• USGBC’s research also showed that when it came to the green building benefits that resonated the most, respondents said clean air and water and less exposure to toxins. Hear from communities that are prioritizing health across buildings and spaces.
  • Green buildings positively affect public health. Improving indoor air quality can reduce absenteeism and work hours affected by asthma, respiratory allergies, depression and stress and self-reported improvements in productivity. USGBC’s own research reinforces that employees in LEED green buildings feel happier, healthier and more productive.
  • A 2018 National Institute of Building Sciences (NBIS) study found that each $1 spent on mitigation activities – such as strengthening buildings and improving drainage conditions – saves $6 in response and recovery costs.
  • Green buildings promote resilience-enhancing designs, technologies, materials and methods. To support these efforts, green buildings promote the use of durable materials, thoughtful site selection, rainwater collection, demand response, grid islanding, energy efficiency, onsite renewable generation and more. Explore more resilience strategies at USGBC’s Center for Resilience.
  • There is value in incorporating resilience into individual projects, but also on a larger scale. Pursuing resilience on a community or portfolio level can encourage greater collaboration among residents and property owners. LEED for Cities and LEED for Communities provides the tools needed to improve quality of life for people through resilience planning. Read some of the profiles of resilience.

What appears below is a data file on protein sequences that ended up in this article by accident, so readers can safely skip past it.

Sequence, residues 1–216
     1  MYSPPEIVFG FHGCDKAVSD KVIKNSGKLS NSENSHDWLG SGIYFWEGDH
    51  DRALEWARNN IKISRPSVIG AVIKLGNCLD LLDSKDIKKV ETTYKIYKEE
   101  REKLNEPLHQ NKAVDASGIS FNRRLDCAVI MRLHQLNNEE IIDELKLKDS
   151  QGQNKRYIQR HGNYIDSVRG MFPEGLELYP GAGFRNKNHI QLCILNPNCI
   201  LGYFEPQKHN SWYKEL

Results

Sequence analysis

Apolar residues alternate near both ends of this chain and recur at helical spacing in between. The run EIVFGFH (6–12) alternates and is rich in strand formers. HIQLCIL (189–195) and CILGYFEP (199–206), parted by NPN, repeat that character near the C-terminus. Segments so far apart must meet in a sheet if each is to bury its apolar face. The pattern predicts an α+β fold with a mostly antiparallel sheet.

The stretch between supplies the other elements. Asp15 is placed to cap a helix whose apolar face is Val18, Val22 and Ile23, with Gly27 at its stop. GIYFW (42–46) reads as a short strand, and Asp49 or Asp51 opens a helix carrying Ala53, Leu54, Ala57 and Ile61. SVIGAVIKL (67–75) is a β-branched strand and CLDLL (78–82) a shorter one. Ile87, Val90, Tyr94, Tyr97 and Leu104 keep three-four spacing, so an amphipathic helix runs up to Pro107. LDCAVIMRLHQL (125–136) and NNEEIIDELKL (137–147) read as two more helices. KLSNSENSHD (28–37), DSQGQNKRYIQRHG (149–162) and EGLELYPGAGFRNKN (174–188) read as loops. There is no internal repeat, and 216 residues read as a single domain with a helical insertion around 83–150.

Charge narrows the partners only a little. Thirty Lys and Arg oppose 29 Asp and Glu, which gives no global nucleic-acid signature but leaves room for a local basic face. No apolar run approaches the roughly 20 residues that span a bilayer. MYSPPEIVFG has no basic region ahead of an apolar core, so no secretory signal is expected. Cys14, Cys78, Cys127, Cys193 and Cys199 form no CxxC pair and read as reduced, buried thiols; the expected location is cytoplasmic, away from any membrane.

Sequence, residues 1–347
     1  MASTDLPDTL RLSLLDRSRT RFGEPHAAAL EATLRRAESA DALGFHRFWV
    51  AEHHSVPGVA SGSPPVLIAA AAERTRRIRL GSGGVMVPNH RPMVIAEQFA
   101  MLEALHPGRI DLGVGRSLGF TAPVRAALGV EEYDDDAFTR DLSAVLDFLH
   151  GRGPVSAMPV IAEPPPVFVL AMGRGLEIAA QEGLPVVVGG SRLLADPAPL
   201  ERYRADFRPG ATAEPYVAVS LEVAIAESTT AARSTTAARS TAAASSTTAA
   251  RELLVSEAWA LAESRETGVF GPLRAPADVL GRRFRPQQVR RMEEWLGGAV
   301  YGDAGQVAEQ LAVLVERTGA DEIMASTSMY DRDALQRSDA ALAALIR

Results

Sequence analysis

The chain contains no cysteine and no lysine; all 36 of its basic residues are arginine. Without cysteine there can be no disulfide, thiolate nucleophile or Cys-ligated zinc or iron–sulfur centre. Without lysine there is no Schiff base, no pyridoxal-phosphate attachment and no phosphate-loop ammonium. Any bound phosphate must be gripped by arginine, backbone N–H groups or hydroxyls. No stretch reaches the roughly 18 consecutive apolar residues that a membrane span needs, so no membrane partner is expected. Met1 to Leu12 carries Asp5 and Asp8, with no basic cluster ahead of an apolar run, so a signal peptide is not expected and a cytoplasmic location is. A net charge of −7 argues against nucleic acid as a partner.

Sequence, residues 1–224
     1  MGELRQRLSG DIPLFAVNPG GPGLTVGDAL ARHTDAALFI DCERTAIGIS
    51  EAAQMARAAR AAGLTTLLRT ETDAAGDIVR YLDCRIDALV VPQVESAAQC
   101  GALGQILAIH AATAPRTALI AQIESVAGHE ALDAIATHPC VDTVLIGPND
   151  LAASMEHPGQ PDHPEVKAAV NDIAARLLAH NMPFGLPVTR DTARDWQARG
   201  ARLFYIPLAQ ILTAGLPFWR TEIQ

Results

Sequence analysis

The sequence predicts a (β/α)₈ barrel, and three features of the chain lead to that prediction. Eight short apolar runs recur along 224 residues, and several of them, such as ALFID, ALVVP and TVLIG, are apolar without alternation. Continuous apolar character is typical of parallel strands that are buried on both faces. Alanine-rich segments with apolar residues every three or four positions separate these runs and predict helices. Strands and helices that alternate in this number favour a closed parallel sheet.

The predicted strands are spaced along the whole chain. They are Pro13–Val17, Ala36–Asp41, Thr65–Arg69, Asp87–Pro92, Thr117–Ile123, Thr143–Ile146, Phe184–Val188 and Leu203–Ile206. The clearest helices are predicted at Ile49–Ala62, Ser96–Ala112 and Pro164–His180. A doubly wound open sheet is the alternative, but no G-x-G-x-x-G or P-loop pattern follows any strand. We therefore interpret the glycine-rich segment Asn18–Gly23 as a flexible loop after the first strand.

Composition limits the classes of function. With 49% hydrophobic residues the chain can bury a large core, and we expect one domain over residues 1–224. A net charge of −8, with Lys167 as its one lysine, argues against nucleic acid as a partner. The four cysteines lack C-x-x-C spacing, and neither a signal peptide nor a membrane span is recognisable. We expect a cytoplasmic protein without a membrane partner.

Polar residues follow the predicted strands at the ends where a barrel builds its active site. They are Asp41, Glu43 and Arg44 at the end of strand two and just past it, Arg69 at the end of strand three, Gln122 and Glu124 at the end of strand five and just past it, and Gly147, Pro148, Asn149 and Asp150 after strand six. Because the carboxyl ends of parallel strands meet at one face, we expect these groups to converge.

An environmental solution

  • Green buildings help reduce carbon, water, energy and waste. The Department of Energy reviewed 22 LEED-certified buildings managed by the General Services Administration and saw CO2 emissions were 34 percent lower, they consumed 25 percent less energy and 11 percent less water, and diverted more than 80 million tons of waste from landfills.
  • The IPCC report calls for a reduction in energy demand and strong electrification of the building sector, as well as a shift to high-performance lighting, appliances and water heating equipment. Green buildings help building owners and managers, architects, developers and product manufacturers navigate this transition and verify performance.
  • According to the EPA, heating and cooling accounts for about 43 percent of all energy use in the country, which contributes to air pollution and generates the largest amounts of greenhouse gases. By improving energy efficiency, green buildings also help reduce indoor air pollutants related to serious health issues.
  • LEED projects are getting results across the board, scoring an average ENERGY STAR score of 89 points out of a possible 100. In a study of 7,100 certified construction projects, more than 90 percent were improving energy performance by at least 10 percent.
  • Buildings account for 12 percent of total water consumed in the U.S. while the average person uses 80-100 gallons of water per day. Water-efficiency efforts in green buildings help reduce water use and promote rainwater capture, as well as the use of non-potable sources.
  • Standard building practices use and waste millions of tons of materials each year; green building uses fewer resources and minimizes waste. LEED projects are responsible for diverting more than 80 million tons of waste from landfills, and by 2030 that number is expected to grow to 540 million tons.